Taking the ball out of bounds on the sideline, the Thunder need a bucket to tie the game or take the lead. They get the latter, thanks to a big shot by Anthony. After a number of screens, Westbrook goes and gets the ball, beats his man, and kicks to Anthony on the wing, who drills the open 3.

Awesome. This was exactly why the Thunder picked up Anthony. He's not afraid of the moment and can hit catch-and-shoot 3s at a high rate (42.6 percent last season).

Players touching the ball: Westbrook, Anthony

Passes: 1

Shot: Anthony, made 3

Unfortunately for OKC, all of it, even Anthony's nearly heroic shot, will be forgotten, as Wiggins' buzzer-beating 3 gave the Wolves a thrilling victory. But, defeat aside, what can we learn from the Thunder's first crunch-time test?

First, this is still the Westbrook show. The reigning MVP took six of the Thunder's final 10 shots, and on four of those occasions let it fly without passing. However, he was spectacular in doing so, going 5-6 for 13 points down the stretch, including the game-tying 3 with just about 30 seconds to play.

More than Westbrook taking most of the shots down the stretch, the Thunder are still operating as if they don't have additional All-Stars on the roster. Time and time again, Westbrook would get a screen from Adams, usually on the right side of the floor, and go to work. There were a number of possessions down the stretch where the lack of passing and movement will be obscured by the fact that they got a bucket.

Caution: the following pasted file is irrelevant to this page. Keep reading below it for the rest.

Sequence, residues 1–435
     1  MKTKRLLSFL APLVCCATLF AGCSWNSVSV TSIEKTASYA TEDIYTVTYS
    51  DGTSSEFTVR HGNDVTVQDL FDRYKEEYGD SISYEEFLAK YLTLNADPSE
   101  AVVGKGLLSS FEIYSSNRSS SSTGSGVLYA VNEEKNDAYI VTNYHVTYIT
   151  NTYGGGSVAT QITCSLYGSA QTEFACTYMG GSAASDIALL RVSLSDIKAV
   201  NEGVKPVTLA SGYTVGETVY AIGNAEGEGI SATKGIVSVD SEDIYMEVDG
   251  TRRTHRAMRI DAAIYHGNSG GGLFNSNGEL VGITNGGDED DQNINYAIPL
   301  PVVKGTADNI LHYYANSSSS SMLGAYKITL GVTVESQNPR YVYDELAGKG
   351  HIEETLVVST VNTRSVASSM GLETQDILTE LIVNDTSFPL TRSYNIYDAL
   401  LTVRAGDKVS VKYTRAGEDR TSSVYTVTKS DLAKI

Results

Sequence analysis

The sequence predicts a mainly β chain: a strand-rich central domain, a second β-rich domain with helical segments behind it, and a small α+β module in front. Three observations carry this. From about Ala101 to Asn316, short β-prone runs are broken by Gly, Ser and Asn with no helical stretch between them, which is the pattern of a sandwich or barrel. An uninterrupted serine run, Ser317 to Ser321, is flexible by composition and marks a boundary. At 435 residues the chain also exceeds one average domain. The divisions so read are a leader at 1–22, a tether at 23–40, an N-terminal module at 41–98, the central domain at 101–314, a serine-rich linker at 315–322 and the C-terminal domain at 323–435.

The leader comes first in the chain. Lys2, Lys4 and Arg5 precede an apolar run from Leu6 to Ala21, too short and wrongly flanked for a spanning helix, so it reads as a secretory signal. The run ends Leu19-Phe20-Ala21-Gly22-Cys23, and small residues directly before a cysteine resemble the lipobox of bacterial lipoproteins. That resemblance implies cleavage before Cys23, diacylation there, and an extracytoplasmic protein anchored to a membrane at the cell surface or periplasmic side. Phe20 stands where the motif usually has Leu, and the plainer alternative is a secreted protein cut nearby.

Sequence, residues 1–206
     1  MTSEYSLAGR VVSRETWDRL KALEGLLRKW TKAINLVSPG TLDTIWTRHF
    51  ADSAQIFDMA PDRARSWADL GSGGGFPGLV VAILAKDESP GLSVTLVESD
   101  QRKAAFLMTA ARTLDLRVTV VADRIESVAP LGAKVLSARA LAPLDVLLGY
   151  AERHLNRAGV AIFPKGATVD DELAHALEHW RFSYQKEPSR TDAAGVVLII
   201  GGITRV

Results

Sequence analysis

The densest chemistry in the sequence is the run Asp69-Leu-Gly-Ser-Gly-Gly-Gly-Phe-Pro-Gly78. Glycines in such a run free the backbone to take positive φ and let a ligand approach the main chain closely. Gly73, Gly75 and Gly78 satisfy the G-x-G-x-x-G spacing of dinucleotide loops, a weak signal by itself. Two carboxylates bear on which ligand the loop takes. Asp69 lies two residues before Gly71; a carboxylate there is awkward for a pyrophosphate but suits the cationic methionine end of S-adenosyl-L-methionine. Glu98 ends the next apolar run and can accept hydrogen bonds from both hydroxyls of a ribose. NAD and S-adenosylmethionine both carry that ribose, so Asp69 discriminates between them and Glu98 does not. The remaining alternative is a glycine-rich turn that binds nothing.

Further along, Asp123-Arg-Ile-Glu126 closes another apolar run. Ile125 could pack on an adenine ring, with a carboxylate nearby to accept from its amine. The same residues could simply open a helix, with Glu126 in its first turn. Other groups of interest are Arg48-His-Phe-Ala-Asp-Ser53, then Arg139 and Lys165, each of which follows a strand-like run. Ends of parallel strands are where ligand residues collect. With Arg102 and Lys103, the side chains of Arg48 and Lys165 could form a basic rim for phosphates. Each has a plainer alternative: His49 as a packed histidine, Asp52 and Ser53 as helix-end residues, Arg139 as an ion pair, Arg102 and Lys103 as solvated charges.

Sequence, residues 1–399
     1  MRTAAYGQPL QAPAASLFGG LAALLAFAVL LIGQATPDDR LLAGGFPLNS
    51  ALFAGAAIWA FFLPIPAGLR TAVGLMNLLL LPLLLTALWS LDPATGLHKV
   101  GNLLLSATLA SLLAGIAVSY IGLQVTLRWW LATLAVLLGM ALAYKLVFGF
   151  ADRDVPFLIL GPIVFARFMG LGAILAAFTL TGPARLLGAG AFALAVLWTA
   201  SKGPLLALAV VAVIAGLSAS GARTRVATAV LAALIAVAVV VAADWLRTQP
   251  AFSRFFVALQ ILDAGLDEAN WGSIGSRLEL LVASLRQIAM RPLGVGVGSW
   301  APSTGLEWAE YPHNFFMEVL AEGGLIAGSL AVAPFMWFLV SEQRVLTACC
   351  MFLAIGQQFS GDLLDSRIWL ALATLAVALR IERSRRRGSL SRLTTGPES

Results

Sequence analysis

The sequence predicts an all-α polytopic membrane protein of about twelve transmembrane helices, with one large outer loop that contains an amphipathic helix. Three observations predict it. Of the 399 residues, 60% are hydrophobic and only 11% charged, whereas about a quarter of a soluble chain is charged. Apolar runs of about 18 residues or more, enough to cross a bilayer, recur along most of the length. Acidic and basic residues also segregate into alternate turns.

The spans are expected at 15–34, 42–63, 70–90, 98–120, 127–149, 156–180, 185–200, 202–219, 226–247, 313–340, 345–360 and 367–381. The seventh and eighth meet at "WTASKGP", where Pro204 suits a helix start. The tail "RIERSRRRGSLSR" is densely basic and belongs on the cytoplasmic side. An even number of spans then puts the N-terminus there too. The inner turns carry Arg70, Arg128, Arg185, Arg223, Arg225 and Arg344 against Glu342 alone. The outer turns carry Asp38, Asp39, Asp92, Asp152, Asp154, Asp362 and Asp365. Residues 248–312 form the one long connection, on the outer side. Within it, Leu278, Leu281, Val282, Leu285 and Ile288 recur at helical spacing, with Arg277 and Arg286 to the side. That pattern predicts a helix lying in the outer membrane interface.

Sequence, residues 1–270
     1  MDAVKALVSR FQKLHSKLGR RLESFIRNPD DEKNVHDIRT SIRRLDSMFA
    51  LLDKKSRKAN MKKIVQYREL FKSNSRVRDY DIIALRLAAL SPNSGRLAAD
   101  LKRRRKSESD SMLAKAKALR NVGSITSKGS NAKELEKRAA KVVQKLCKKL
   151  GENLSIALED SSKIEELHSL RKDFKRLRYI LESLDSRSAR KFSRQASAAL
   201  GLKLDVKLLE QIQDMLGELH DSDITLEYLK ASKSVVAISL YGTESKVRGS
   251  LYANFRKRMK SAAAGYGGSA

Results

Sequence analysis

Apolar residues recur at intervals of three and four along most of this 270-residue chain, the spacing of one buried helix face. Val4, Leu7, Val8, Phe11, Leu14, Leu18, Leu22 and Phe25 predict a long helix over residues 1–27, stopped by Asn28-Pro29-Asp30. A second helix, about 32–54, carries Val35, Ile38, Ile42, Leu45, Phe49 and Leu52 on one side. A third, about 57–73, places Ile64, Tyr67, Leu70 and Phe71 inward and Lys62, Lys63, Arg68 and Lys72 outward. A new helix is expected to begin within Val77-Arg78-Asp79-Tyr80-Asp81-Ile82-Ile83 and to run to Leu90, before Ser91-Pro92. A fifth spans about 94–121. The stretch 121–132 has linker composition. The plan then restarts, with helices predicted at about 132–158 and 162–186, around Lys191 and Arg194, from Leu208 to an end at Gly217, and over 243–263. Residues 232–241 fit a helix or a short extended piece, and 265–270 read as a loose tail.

Now to be sure, it's easier to run the two-man game when you have Anthony And George waiting on the perimeter instead of Kyle Singler or Victor Oladipo, but do they want their new All-Star additions acting primarily as floor spacers in crunch time? Why not more trips down the floor like possession number eight above where Anthony or George get involved as screeners, cutters, or drivers?

Along those lines, do Anthony and George get tired of the lack of involvement? George touched the ball four times on the offensive end in the final five minutes, getting two shots, and Anthony only touched it once -- on the last shot. What happens if this Westbrook-reliant scheme is not working? It's one thing to sit on the perimeter and watch Westbrook catch fire, it's another to watch him clang bad shots off the rim.

Overall, the Thunder's first crunch time outing was pretty solid. The outcome was nearly perfect, but there were some problematic aspects along the way that may need to be addressed at some point before they become bigger problems. This was just one game, and as Anthony and George get more familiar with the team, perhaps we could see head coach Billy Donovan incorporate them more into end of game situations. It will be fascinating to continue watching to see how the Thunder handle clutch moments throughout the season. For now, however, it appears close games will be Westbrook's to win or lose.